Fifteen-year olds Austin Schwab and Tyler Plack co-founded Reserverr, a website that automatically books reservations for free.
“We like to think of Reserverr as a calendar on steroids,” Schwab tells me.
At first, the simple site looks like iCal (which you can import, if you want) in a web browser, with standard appointment creating capabilities. But you can enter the time and place you want to make a dinner reservation or book a hotel room and Reserverr will book it (or tell you that it isn’t available) for you.
“He randomly started pestering me via email about a year ago, and I was impressed with his persistence–it reminded of me of what I would have done when I was his age,” Altman tells me of Schwab. “As a general rule, I expect good things of people that start companies before they can get drivers licenses.”
Schwab says their closest competitors are virtual assistant sites, but they differentiate themselves by offering the service for free.
While the service is free, the three already have a monetization plan, which Schwab says includes consumer-targeted advertising based on places users have been; however, he says they haven’t implemented it yet as they are focused on “building the brand and making Reserverr the best that it can be at making reservations.”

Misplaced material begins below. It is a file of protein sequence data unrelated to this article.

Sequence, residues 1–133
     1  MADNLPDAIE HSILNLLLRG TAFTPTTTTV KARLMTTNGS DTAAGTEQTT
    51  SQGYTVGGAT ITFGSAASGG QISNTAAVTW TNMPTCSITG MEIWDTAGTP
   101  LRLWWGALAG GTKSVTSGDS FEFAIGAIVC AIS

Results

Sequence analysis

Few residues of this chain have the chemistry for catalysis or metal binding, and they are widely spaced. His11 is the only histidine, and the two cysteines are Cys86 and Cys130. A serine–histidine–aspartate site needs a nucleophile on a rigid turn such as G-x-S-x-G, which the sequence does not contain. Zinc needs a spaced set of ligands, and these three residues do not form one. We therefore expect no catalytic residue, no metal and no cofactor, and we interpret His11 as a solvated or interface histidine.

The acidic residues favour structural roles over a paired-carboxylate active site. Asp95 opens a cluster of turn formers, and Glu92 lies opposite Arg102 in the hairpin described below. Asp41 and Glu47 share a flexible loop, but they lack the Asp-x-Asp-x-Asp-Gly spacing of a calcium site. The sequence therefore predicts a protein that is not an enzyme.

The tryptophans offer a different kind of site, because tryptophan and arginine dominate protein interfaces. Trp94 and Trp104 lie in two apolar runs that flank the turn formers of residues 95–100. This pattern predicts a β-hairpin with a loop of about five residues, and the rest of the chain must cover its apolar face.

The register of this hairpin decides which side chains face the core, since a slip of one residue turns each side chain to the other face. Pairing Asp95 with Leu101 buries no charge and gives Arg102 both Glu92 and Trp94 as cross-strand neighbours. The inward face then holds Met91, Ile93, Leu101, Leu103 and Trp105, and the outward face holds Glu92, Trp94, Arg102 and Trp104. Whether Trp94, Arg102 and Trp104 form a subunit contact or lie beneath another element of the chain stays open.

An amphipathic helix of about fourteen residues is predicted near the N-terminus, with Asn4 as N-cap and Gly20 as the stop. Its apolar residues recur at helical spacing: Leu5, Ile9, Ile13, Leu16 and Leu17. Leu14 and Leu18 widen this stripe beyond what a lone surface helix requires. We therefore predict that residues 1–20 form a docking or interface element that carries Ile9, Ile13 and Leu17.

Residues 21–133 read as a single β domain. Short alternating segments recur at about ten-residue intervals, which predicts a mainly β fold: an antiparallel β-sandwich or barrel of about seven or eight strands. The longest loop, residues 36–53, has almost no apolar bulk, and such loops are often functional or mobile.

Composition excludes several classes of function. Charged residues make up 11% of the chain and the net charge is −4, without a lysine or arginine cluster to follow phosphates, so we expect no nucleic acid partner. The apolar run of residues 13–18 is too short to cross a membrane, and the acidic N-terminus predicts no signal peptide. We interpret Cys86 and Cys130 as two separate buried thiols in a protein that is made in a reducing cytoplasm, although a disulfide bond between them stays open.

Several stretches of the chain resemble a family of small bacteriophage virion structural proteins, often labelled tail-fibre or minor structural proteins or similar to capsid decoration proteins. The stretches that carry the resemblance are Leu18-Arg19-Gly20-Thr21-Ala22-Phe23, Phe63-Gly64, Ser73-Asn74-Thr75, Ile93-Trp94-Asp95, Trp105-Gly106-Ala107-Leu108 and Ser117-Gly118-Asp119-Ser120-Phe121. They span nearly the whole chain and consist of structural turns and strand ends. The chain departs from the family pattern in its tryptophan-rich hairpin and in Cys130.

They are currently in a public beta; Schwab says they currently have around 500 users and are focusing on scaling the site.
“The majority of the feedback we received was positive,” Schwab says. “Naturally, we found and fixed bugs, but we also learned a lot about the ways that people can use Reserverr.”
Schwab tells me the three are working on an iOS app where users will be able to manage reservations on the go, as well as new features like user-to-user events and package tracking.
The team recently tweeted a screenshot of their iOS progress.
For the trio individually, they are focused on improving Reserverr, working hard in school and applying to a range of colleges, from New York City to Palo Alto.
While the site is pretty simple right now, it’s exciting to see the young group’s persistence in carrying out their vision. If they put the serious work in to take the project from a novelty to a lasting product, some pretty cool stuff could come out of this.